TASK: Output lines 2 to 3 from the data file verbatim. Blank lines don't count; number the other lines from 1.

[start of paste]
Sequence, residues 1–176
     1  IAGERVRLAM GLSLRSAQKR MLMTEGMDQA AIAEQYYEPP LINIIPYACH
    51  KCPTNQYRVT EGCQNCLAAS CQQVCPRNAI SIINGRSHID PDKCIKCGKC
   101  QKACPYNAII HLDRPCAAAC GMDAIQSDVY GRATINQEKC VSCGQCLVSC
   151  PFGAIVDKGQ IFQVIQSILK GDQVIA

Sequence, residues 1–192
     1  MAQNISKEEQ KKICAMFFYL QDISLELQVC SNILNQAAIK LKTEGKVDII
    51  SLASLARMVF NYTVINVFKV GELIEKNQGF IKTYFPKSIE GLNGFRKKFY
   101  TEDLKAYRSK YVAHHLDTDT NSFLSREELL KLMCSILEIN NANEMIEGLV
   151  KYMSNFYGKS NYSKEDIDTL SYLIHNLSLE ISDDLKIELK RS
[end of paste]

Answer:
     1  IAGERVRLAM GLSLRSAQKR MLMTEGMDQA AIAEQYYEPP LINIIPYACH
    51  KCPTNQYRVT EGCQNCLAAS CQQVCPRNAI SIINGRSHID PDKCIKCGKC